As of Monday, the ban on general solicitation is officially lifted, and startups who file with the SEC can generally solicit openly both online and offline, as long as they disclose how they are soliciting to the SEC in more detail within 15 days of soliciting.
Startups cannot, however, make the opportunity to invest open to anyone, but only to accredited investors.
VB: What effect will this have on startups? Founders?
Barnett: In short, as [venture capitalist] Marc Andreesen has said in his investing thesis that “software will eat the world,” it is now the case that software and the web is taking a giant leap toward eating early-stage finance and investing.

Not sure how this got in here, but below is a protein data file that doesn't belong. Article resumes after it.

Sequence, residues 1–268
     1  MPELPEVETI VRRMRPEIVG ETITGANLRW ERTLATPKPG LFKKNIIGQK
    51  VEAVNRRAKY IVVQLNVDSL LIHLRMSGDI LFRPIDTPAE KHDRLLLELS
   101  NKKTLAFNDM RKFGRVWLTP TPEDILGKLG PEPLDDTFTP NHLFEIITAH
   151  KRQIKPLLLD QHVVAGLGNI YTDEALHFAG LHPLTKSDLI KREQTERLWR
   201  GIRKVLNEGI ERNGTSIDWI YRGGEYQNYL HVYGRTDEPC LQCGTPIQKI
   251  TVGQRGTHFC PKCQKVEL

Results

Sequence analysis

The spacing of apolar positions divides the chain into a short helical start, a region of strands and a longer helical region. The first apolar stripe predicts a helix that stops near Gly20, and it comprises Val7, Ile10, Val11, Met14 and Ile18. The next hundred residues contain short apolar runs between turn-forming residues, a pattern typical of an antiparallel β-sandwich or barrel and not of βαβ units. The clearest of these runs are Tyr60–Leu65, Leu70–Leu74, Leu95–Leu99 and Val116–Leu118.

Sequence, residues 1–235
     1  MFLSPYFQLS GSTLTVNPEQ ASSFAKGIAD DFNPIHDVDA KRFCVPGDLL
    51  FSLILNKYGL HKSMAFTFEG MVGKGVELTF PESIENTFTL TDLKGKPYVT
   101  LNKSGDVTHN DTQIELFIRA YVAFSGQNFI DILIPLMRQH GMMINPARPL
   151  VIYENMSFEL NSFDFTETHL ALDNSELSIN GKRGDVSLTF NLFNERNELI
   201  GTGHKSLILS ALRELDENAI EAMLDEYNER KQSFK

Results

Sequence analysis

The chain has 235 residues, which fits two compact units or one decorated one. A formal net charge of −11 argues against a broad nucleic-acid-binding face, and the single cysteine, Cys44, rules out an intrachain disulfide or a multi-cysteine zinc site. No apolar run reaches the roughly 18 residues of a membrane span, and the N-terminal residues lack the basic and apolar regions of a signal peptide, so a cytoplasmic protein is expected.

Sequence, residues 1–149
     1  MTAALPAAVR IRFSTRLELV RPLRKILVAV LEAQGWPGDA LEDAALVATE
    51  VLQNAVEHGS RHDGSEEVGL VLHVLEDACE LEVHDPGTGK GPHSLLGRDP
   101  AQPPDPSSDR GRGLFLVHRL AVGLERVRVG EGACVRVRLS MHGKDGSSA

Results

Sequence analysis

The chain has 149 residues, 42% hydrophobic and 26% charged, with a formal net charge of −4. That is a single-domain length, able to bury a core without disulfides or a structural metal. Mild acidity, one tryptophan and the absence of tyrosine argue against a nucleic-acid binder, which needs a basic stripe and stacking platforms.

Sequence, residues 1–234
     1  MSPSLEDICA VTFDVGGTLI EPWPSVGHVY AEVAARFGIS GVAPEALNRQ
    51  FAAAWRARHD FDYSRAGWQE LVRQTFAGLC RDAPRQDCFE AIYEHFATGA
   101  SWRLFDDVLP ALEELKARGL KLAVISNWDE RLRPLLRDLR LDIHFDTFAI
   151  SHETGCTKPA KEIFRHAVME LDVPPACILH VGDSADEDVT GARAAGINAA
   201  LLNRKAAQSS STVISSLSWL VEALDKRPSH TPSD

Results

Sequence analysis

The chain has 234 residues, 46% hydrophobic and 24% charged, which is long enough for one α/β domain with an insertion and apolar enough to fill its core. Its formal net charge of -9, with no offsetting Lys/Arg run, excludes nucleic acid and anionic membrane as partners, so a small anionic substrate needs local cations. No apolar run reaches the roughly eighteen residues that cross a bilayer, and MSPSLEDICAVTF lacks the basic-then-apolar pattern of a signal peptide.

For more on the JOBS Act’s new provisions, see:
This has a profound impact on enabling startups to more effectively reach out to new potential investors, their existing networks, and a broader community to rally support for their business. In short, sites like Crowdfunder will help them create a streamlined process for broader public outreach towards their investment fundraising goals, a more efficient way to communicate and pitch their plan and businesses value, and bring them access to a large pool of investors with the click of a button.
For founders, significant value will be gained from:
- Accelerating funding: Time to funding can and will be reduced for promising and deserving startups. Even if a startup is making great traction, the process of finding and meeting and pitching and closing and getting money wired from investors takes many many months.